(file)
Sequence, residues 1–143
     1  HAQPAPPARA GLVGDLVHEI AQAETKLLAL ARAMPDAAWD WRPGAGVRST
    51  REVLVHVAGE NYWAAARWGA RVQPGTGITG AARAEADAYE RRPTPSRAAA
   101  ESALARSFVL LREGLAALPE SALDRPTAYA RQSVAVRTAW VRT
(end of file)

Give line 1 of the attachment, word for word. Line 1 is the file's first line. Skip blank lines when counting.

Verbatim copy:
Sequence, residues 1–143